Common Email Mistakes – and How To Avoid Them

I read a very interesting article in U.S. News and World Report (Andrew G. Rosen, January 18, 2011) regarding common mistakes with email.  Email has been around so long I think we all get a bit complacent with sending messages; following these tips and tricks, we may do a much better job of communicating, getting respect from our peers and coworkers, and possibly even landing a job.


Sending before you mean to. Enter the recipient’s email address only when your email is ready to be sent. This helps reduce the risk of an embarrassing misfire, such as sending an important email to the wrong person or emailing a half-written note.

Thought from Kim:  How many times have you received an email meant for someone else or sent one by mistake to the wrong recipient because an autofill option is turned on in your email program?  Please make sure you're sending your email to the correct person.  If you would like to delete or turn off the autofill option in email, please come by the computer help desk or call.

Forgetting the attachment. If your email includes an attachment, upload the file to the email before composing it. This eliminates the embarrassing mistake of forgetting it before hitting “send,” and having to send another email saying you forgot to attach the document.

Thought from Kim:  Boy, is this one embarrassing; I've done this more than I care to admit.  For now on, I will be sure to attach the attachment immediately before writing the email, then populating the "to" field.

Expecting an instant response. Don’t send an email and show up at the recipient’s desk 30 seconds later asking if they’ve received it. They did, and they’ll answer at their convenience. That’s the point of email.

Thought from Kim:  It's hard to imagine, but it's not all about us.  If you need an immediate response, make a phone call or show up in person.

Forwarding useless emails. I’ve never seen a single email forward at work that was beneficial. Whether it’s a silly joke or a heartwarming charity, there’s never a time to share an email forward using your work email.

Thought from Kim:  I can't say I totally agree with the author; sometimes we're forwarded emails because we were left off of the original one, or maybe you have learned information that may be beneficial to someone else.  Good point not withstanding, don't forward every email in your inbox €¦ try to think of your audience before sharing email.  Would they really appreciate it as much as you do?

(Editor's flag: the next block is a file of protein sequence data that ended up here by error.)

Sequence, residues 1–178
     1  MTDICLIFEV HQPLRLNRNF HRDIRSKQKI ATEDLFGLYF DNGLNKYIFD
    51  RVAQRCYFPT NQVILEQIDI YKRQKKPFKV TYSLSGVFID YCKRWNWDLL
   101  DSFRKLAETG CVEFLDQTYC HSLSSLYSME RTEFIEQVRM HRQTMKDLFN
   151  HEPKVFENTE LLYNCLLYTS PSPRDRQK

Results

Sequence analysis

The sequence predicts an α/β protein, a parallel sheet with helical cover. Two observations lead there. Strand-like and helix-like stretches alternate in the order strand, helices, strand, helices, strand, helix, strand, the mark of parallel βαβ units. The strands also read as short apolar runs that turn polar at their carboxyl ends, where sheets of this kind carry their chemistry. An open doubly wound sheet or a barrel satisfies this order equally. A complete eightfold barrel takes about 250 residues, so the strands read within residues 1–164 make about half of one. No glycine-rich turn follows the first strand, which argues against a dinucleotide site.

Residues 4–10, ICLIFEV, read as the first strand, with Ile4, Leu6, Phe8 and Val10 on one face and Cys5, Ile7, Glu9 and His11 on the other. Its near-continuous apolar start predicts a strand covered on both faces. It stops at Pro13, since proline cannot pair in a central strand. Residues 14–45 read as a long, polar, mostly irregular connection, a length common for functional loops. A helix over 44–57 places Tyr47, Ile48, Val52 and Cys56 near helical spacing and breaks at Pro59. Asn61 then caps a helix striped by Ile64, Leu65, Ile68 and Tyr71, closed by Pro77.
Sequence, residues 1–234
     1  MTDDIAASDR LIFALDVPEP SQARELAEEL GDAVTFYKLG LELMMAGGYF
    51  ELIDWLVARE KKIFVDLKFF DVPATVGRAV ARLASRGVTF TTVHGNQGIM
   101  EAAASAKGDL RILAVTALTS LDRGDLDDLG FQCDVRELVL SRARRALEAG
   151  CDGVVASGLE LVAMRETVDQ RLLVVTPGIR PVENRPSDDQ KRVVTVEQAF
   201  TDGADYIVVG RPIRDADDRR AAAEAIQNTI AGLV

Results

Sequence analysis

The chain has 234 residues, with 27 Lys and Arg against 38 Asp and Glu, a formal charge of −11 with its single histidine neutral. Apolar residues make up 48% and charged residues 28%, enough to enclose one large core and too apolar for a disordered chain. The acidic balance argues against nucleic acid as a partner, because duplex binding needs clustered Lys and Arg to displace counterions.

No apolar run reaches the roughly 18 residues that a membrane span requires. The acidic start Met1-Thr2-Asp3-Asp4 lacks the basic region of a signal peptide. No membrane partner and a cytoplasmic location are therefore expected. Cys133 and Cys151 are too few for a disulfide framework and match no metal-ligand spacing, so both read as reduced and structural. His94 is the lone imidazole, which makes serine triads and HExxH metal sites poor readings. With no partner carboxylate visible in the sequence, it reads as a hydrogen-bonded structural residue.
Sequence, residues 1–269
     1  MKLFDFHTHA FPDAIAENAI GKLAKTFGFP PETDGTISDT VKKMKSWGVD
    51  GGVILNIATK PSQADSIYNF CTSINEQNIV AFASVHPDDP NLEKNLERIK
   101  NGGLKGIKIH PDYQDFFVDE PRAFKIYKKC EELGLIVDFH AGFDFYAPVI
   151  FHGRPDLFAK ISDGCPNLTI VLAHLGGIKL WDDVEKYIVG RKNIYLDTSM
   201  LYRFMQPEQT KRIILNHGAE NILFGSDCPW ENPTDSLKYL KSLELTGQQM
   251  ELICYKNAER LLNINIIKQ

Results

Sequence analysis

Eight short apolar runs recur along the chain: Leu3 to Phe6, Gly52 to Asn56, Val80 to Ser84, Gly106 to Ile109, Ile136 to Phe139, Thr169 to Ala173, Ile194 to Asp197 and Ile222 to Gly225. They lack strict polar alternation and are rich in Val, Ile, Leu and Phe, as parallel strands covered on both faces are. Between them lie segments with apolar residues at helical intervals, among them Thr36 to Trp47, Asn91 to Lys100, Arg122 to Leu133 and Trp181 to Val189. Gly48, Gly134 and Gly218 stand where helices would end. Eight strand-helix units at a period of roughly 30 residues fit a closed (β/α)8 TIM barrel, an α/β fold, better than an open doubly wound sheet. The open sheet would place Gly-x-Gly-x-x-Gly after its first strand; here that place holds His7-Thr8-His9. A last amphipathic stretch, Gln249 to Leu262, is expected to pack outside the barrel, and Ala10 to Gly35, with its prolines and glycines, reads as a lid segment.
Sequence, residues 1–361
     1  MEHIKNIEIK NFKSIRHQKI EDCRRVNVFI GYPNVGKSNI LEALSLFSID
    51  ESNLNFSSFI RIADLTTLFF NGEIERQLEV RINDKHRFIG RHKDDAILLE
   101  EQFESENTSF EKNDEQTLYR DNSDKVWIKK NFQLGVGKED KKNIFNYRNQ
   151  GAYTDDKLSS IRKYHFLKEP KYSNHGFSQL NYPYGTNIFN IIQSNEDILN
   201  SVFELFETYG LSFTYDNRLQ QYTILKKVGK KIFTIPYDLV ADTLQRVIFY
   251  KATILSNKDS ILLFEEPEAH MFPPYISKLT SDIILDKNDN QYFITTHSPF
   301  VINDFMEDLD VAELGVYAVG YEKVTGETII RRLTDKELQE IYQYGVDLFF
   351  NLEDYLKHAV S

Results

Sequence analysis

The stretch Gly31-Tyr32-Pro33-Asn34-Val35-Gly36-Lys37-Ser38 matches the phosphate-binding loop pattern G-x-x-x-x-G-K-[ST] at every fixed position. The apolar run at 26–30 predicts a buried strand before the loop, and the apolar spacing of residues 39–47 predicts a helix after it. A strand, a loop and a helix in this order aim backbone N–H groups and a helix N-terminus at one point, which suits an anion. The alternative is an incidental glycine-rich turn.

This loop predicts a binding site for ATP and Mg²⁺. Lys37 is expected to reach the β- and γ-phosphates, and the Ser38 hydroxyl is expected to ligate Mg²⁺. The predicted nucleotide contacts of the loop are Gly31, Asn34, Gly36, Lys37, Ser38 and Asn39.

Not reviewing all new messages before replying. When you return to the office after a week or more away, review all new emails before firing off responses. It might be hard to accept, but odds are, things did march on without you. Replying to something that was already handled by a co-worker creates extra communication, which can lead to confusion, errors, and at the very least, wasted time for everyone involved.

Thought from Kim:  This can sometimes be difficult, not because someone else has solved the issue, but the way email lands in your inbox.  If you notice a string of email with the same subject line, it's easy to sort email by subject (versus date which is typically the default).  Read the email from the newest date first; you may find the situation is resolved, and you've saved yourself time by not having to handle a question or problem.

Including your email signature again and again. Nor do you need to include it at the end of an email you send to your long-time co-worker who sits six feet away. If you have your email program set to automatically generate a signature with each new message, take a second to delete it when communicating with someone who knows who you are. It’s always wise to include your phone number, but the entire blurb with your title and mailing address is often nothing but clutter.

Thought from Kim:  I found this tip interesting, simply because I have never found myself annoyed by someone's signature line (I simply ignore it mostly).  However, I think it's a point well taken and if this helps others have a happier email experience, then the few seconds it takes to delete my signature line may be worthwhile.